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Press Release

Number of Americans Studying Abroad Shows Fourth Year of Double-Digit Growth: New IIE on-line survey suggests interest remains strong since September 11th

International Education Is an Integral Part of American Higher Education

WASHINGTON, DC, November 13, 2001—The number of U.S. college students receiving credit for study abroad in 1999-2000 jumped nearly 11% from the previous year, reaching a record total of 143,590, according to Open Doors 2001, the annual report on international education published by the Institute of International Education (IIE). Findings from the report, which is made possible with financial support from the Bureau of Educational and Cultural Affairs of the U.S. Department of State, will be discussed at a press briefing today at the National Press Club in Washington D.C. in conjunction with the nationwide observance of International Education Week. Results of a new IIE on-line survey also released today provide a closer look of what international education professionals have experienced on their campuses in the aftermath of September 11th (see IIE online survey release).

Open Doors 2001 reports that the 11% increase in U.S. students abroad in academic year 1999-2000 follows three previous years of double-digit growth - a 14% increase in 1998/99 preceded by escalations of 15% (97/98) and 11% (96/97). Over the past five years the number of U.S. students who studied abroad for academic credit has increased by 61%.

"The dramatic increase in study abroad is very good news for our nation, as it shows that the next generation of leaders will have a greater understanding of the world around us," said Allan E. Goodman, President and CEO of the Institute of International Education. "Even more heartening is the enthusiasm and interest among students in gaining international experience after the terrorist attacks of September 11. This is a time when our world needs more international exchange, not less. The terrorists wish to make us close our minds, our borders, and our markets to the rest of the world, and we must make sure they do not succeed."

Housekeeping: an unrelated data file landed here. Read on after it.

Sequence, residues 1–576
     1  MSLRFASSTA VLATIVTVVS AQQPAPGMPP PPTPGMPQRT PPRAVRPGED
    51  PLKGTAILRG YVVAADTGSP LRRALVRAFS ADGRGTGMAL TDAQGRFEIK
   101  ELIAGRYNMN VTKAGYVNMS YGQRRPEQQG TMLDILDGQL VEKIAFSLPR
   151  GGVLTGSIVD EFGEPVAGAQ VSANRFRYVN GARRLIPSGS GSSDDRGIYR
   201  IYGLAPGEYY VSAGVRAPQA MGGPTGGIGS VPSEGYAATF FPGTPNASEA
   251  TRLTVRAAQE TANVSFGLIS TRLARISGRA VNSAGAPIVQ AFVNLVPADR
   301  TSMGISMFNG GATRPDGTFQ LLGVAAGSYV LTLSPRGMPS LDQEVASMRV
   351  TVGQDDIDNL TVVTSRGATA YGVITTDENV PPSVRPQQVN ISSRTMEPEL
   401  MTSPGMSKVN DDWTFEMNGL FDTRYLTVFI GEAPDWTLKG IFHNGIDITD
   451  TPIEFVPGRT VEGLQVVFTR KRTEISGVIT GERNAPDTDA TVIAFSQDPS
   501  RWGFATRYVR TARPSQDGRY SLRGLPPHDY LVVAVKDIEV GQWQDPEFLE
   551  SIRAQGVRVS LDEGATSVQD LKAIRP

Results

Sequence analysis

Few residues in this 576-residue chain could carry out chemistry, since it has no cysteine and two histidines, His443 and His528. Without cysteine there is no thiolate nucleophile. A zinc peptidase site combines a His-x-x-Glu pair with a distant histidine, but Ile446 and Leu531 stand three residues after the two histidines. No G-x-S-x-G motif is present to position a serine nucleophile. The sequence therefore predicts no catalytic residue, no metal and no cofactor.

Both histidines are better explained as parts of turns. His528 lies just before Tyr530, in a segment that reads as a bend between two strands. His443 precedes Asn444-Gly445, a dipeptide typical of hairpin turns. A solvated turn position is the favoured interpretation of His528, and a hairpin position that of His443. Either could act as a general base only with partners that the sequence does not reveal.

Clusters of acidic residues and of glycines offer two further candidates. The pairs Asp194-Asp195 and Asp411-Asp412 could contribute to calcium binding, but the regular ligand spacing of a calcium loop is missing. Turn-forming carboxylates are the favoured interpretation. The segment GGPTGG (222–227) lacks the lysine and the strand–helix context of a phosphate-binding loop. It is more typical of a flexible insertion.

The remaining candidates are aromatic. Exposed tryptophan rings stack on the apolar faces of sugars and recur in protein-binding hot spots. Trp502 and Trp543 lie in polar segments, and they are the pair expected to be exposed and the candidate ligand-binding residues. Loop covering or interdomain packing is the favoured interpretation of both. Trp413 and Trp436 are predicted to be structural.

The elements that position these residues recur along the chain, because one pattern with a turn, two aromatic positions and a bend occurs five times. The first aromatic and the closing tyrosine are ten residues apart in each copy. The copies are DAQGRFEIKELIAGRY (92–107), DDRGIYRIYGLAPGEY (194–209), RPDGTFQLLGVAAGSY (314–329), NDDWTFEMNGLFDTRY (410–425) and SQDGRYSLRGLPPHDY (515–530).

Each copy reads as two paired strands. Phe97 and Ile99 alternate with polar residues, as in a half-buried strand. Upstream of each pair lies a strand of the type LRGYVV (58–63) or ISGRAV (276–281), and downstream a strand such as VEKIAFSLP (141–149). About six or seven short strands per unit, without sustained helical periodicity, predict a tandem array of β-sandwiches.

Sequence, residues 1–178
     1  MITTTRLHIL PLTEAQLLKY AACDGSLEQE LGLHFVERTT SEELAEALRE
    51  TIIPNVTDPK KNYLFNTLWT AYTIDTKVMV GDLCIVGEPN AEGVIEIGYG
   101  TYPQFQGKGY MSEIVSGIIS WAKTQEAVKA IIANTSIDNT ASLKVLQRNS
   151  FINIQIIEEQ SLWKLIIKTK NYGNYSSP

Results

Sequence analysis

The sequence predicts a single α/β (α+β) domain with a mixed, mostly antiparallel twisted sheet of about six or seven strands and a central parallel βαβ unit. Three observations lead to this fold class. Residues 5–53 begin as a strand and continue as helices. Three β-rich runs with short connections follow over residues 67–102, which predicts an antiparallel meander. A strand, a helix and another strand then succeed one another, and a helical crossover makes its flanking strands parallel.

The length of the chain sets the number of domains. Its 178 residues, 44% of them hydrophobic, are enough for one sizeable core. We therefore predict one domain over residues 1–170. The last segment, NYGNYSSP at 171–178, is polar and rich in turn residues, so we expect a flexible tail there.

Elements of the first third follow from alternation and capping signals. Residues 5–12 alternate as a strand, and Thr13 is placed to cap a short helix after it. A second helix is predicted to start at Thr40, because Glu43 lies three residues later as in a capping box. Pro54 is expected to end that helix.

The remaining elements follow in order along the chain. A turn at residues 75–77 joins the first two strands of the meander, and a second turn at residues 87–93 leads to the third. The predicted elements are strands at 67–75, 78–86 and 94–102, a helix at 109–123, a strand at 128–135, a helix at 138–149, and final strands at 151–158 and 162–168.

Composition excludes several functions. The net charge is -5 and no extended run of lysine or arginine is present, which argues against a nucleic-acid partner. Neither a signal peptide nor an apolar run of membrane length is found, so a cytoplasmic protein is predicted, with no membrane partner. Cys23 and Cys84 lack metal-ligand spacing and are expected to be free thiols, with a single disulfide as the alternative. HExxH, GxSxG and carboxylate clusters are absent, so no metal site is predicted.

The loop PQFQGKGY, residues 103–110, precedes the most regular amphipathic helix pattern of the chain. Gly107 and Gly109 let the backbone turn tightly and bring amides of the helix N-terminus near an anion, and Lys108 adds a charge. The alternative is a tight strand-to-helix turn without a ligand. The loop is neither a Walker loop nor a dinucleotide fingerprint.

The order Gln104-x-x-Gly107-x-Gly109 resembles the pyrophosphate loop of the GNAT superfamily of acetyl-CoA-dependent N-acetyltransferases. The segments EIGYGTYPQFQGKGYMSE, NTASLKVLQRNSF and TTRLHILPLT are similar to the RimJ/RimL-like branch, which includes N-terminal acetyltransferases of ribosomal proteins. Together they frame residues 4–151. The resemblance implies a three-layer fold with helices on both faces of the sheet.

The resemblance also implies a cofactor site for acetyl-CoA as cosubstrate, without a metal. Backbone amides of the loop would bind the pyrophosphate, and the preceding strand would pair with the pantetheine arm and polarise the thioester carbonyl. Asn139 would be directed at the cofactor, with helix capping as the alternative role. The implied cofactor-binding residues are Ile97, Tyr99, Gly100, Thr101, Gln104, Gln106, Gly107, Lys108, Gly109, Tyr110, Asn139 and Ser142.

"It is our fervent belief that international education is one of the best tools for developing mutual understanding and building connections between people from different countries. Understanding of and knowledge about the culture and societies of others is critical to the success of American diplomacy and business, and the lasting ties that Americans make during their international studies are important to our country in times of conflict as well as in times of peace."

Patricia S. Harrison, Assistant Secretary of State for Educational and Cultural Affairs, said, "The State Department is encouraged by the substantial increase in the number of U.S. students studying abroad. The trends documented in the Open Doors 2001 data demonstrate that students and institutions realize the need to better understand the world beyond our borders."

One of the major trends in study abroad reported in this year's edition of Open Doors 2001 is a marked shift toward shorter (less than eight week long) study abroad sojourns, with close to one-half of undergraduate and master's degree students electing summer, January term, internships, and other short-term programs instead of academic year or semester programs. Most American students (90%) who studied abroad did so for one semester or less in 1999/2000.